Reason #1: You can use this time to reconnect with those who truly matter to you. Work is just part of your life. Reconnecting with family and friends, albeit virtually, is a good way to keep your spirits up and theirs as well.

Reason #2: You can use this time for growth, professionally and personally. Think about some of the skill sets you need to work on. During this time of social distancing, companies are being innovative in their offerings. In addition to being innovative, costs are down to entice more buyers. So why not invest in yourself because the return will be golden once we’re opened back up again? You can come out of this pandemic with a whole new career if you’re not careful.

Reason #3: Geography is no longer a barrier. Companies are welcoming remote workers now more than ever. Why? Because they literally have to right now. If you’re a job seeker, you can expand your search outside of your 30 mile radius, or whatever boundary you put on your commute preference. This pandemic has proven that there are more jobs that can be done remotely than previously believed. This is a new paradigm. The companies that are opened to keeping with this paradigm will flourish with a whole new talent pool to choose from, even globally!

Reason #4: Mother earth gets a little break. As a byproduct of remote work and shelter in place, our beautiful planet has begun to see lower levels of pollution. Which benefits us all in the long run.

Reason #5: You can change and adapt. If you didn’t have courage before, I think this pandemic is making us all take a look at ourselves and what we believe we can do and can’t do. What I mean by this is that this pandemic is making us really take a long look at how we live and interact with others. We either like what we see or we don’t. I’ve noticed that those who don’t are actively doing things to get better and be better. So whether that’s being out in nature, riding a bike or walking, or getting virtual therapy to help cope with this or past trauma, people are really taking a look at themselves as a byproduct of having to be ‘locked down’ with only yourself. We are really learning who we are. The collateral benefit is exponential when we’re all learning and growing.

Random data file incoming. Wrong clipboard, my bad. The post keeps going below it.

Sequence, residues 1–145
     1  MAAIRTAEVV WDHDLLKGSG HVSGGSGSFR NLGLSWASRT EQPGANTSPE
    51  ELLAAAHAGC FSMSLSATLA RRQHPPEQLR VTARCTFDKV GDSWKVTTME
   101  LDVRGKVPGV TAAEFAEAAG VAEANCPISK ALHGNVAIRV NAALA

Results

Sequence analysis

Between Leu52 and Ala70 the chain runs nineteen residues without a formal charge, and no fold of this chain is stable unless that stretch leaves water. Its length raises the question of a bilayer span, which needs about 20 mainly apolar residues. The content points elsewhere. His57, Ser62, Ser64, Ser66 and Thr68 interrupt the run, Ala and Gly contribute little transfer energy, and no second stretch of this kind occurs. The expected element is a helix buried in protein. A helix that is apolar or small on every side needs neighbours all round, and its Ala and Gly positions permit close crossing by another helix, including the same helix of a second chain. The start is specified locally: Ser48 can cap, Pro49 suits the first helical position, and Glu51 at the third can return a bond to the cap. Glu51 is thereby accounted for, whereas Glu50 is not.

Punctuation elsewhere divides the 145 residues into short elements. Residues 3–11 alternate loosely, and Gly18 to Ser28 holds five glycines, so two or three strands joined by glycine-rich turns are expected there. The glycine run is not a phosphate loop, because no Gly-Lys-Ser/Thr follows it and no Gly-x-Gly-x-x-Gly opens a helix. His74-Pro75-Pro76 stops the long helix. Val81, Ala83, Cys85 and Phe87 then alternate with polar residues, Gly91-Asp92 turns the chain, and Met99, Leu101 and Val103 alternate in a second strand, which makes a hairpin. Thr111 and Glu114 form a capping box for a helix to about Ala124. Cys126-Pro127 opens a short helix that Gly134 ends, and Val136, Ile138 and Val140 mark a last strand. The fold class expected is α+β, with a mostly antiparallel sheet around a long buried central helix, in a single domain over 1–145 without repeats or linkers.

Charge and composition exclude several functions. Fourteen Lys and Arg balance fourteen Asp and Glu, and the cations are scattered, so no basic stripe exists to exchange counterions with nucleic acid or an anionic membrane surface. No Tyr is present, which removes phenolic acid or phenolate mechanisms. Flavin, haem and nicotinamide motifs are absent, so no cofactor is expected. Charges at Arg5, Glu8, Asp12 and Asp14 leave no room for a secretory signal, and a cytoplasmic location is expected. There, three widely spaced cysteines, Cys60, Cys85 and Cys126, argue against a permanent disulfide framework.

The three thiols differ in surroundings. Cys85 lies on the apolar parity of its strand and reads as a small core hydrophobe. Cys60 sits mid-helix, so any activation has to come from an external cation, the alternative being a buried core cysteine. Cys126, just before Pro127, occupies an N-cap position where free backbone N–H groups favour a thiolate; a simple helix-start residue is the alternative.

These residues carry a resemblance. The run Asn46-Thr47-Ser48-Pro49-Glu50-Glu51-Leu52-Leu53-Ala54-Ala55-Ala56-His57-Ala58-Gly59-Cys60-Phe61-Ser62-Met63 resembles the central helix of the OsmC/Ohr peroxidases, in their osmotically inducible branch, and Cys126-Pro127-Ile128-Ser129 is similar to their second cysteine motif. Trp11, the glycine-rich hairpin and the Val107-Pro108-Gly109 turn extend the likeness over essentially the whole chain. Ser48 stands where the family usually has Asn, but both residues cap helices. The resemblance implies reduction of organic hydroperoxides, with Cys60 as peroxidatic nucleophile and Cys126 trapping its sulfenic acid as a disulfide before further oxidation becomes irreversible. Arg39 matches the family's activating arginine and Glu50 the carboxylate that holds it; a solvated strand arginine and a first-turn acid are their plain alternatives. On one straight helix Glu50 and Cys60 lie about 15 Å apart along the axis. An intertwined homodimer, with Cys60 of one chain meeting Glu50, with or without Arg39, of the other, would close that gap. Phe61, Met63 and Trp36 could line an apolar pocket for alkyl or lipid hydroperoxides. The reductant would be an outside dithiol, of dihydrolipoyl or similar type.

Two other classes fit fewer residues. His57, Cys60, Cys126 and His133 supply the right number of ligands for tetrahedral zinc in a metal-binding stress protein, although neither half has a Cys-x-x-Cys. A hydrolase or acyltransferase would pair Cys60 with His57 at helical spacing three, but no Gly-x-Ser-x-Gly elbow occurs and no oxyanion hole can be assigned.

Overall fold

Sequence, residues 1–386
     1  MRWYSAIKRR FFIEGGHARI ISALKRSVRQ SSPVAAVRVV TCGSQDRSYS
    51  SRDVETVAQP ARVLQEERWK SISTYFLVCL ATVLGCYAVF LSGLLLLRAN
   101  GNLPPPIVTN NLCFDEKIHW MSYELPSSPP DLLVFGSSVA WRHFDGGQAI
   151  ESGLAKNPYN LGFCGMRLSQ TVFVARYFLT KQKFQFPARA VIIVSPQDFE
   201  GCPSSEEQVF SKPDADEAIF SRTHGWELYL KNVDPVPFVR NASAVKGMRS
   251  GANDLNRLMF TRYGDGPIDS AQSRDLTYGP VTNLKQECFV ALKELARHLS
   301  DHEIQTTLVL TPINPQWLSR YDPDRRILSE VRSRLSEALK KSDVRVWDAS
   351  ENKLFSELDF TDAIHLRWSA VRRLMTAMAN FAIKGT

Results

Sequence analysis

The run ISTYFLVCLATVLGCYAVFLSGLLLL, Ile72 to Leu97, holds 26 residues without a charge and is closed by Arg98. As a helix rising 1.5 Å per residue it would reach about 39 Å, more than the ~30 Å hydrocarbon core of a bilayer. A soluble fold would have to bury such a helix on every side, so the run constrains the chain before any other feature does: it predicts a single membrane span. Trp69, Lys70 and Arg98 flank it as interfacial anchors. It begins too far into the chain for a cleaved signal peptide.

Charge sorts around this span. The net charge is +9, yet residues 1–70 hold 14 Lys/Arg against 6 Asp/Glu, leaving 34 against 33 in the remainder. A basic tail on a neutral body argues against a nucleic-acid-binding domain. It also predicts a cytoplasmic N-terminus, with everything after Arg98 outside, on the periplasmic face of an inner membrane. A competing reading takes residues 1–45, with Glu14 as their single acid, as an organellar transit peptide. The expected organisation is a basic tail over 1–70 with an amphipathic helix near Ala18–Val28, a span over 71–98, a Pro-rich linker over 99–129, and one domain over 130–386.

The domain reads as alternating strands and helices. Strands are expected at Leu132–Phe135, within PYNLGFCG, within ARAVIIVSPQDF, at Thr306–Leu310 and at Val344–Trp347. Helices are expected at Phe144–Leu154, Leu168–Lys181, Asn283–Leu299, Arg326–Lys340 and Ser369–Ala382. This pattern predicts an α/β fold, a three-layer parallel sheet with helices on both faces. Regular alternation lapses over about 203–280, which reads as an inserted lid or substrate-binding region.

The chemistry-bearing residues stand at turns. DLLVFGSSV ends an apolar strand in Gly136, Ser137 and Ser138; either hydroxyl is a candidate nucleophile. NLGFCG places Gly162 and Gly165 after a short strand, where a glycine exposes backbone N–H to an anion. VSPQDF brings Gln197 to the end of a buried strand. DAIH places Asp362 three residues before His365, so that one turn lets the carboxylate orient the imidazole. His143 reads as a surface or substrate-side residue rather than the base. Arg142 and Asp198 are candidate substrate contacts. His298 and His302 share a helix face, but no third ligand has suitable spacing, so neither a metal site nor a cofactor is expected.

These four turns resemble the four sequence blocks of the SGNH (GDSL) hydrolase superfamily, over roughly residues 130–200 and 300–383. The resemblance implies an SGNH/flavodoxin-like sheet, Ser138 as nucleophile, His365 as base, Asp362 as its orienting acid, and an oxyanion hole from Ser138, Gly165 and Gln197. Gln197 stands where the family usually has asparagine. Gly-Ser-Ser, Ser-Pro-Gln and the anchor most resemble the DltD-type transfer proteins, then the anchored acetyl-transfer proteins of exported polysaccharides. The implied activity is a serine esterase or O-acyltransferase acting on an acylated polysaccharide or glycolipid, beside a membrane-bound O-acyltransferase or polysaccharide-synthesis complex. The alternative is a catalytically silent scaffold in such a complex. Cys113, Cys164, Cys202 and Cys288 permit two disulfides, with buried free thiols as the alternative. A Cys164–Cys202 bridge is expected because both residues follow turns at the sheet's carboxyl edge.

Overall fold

From your experience, what are a few ideas that one can use to effectively offer support to their family and loved ones who are feeling anxious? Can you explain?

I talk with them. I’ve opened the lines of communication and we talk about fears and anxieties. I try to put things in perspective and maintain a safe and healthy environment. The best thing to do is to be open and honest. If you, as a parent, have fears, express them with your children in such a manner that they can understand you better and relate to you. I wouldn’t scare them. I would just let them know that you have fears as well and examples of how you’re combating those fears. Use it as a teaching moment when possible. But just talking about feelings is important.

Can you please give us your favorite “Life Lesson Quote”? Can you share how that was relevant to you in your life?

“When you know who you are, the world opens up for you.” I truly believe that. Why? Because knowing that you can have the confidence to move in a world, ‘in spite of’, you create opportunities for yourself. So when you’re confident, a ‘No’ isn’t the end of your world. It doesn’t shake you, you don’t need to take it personally and It’s not a rejection. It’s a ‘Oh… you don’t know who I am and I don’t have to prove anything to you because I’ll take my talents elsewhere.” Rejection is about their limitations and it has nothing to do with you. You move, and you pivot. You hold your head high and have faith and trust in yourself. That has been one of the most important lessons in my life. Which, by the way, I had to learn the hard way. But, I learned that. So if I can help other women learn that early on or even just pass that information on to them and show them how to get there, I’ve done what I set out to do.

How can our readers follow you online?

My website is www.jackiemitchellcareerconsulting.com. On social media, you can follow me on Facebook and Instagram @jackiemitchellcc or Twitter @jackiemitchcc.

Thank you so much for sharing these important insights. We wish you continued success and good health!

You might also like...


Peter J Poulos On How To Leave a Lasting Legacy With a Successful & Effective Nonprofit Organization

by Karen Mangia

Gracey Cantalupo On How We Need To Adjust To The Future Of Work

by Karen Mangia

Rob and Jackie Wolf: “Don’t spend too much time inside your own head”

by Karina Michel Feld
We use cookies on our site to give you the best experience possible. By continuing to browse the site, you agree to this use. For more information on how we use cookies, see our Privacy Policy.